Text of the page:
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Baroness Ashton of Upholland: My Lords, I will indeed draw my right honourable friend's attention to the book. It is important in this context to ensure that we give our children all that they need to understand and deal with the plethora of advertising, particularly at Christmas time. It is important that children are able to understand what this is about and to make reasoned and sensible judgments. I do not believe that this is about banning things; I believe it is about giving them the kind of ammunition they need to make the decisions for themselves, based on an understanding about health and about what advertising seeks to do. If we could do that, we should equip them well for life.

7 Apr 2003 : Column 12

European Parliament (Representation) Bill

3.6 p.m.

Lord Bassam of Brighton: My Lords, on behalf of my noble and learned friend the Lord Chancellor, I beg to move that this Bill be now read a third time.

Moved, That the Bill be now read a third time.—(Lord Bassam of Brighton.)

On Question, Motion agreed to.

Clause 14 [The Gibraltar register]:

Lord Bassam of Brighton moved Amendment No. 1:

    Page 8, line 6, after "Assembly" insert "of Gibraltar"

On Question, amendment agreed to.

Clause 17 [Regulations relating to sections 14 to 16]:

Lord Bassam of Brighton moved Amendment No. 2:

    Page 9, line 22, leave out "this section" and insert "section 16"

The noble Lord said: My Lords, I beg to move this amendment formally and the other amendments in the group.

Lord Goodhart: My Lords, although the Minister seeks to move all the amendments formally, just to prove that I have read the amendments with great care, I should like to express my serious concerns about Amendment No. 3. It suggests that Clause 14 contains a definition of the words "the European electoral registration officer". It does not. It states that the holder of one particular office—namely, the—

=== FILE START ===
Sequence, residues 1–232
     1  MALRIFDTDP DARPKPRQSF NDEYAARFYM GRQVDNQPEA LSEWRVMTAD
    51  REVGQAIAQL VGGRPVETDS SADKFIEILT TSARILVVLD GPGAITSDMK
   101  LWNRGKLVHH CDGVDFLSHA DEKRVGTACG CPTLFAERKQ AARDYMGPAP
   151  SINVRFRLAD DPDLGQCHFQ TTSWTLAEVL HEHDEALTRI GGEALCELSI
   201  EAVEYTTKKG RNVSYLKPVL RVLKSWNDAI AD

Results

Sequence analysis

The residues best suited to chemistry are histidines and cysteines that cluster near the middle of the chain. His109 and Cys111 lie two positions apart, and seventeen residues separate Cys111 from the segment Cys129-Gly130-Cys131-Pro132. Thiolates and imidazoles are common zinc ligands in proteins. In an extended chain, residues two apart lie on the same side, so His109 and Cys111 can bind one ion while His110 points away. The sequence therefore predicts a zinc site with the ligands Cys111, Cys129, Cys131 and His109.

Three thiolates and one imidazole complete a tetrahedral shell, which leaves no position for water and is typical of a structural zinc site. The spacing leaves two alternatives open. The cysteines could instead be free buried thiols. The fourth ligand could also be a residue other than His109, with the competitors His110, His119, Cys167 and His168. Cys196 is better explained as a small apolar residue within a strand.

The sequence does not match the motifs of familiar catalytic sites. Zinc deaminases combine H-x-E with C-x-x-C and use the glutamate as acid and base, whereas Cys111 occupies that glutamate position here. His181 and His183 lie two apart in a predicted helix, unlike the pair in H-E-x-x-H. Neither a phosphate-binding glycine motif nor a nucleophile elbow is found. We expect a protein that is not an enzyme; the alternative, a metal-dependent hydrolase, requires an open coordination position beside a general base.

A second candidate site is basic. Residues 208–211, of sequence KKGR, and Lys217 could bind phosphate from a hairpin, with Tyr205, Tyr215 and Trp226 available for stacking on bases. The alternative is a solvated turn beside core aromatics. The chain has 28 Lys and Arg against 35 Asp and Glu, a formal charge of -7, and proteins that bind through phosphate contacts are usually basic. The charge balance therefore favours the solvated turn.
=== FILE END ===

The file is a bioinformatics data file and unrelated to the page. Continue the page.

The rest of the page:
The Chairman of Committees (Lord Brabazon of Tara): My Lords, perhaps the noble Lord will give way. The Question before the House is Whether Amendment No. 2 shall be agreed to? The noble Lord wishes to speak to Amendment No. 3.

Lord Goodhart: My Lords, the Minister did say that he was moving all the amendments formally.

The Chairman of Committees: My Lords, I must put the Question in any case: it is Whether Amendment No. 2 shall be agreed to?

Lord Goodhart: My Lords, I am sorry for being out of order. The Bill states that the Clerk to the House of Assembly shall be the European electoral registration officer. That is not a definition of what the European electoral registration officer is. It is saying that the holder of one office—namely, the Clerk to the House of Assembly—is also the holder of a different office, that of European electoral registration officer. It seems to me, therefore, that the appropriate wording would have been not "within the meaning of", as in the amendment, but "as specified by". The Minister will be glad, however, to know that I do not intend to press this issue to a Division.

Lord Peyton of Yeovil: My Lords, I apologise for the fact that I was not in my place when the amendment was first called. But I understand that the noble Lord from the Liberal Front Bench has spoken to the amendment and I take it that I am entitled to do the same.

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I have wondered quite often why this Bill is in front of us without getting a clear answer either from my own resources or from Ministers. On reading through the three days of Committee stage, I came to the conclusion—I have made this point before—that gobbledy and gook have met together and made the language incomprehensible. In my view, my noble friend Lord Waddington asked the key question which has not yet been answered; namely, that the assemblies, if and when they happen, will have no new funds and no new powers from either central government—

Baroness Farrington of Ribbleton: My Lords, we are not on that Bill yet.

Lord Peyton of Yeovil: My Lords, I am sorry. I thought that we were discussing Amendment No. 2.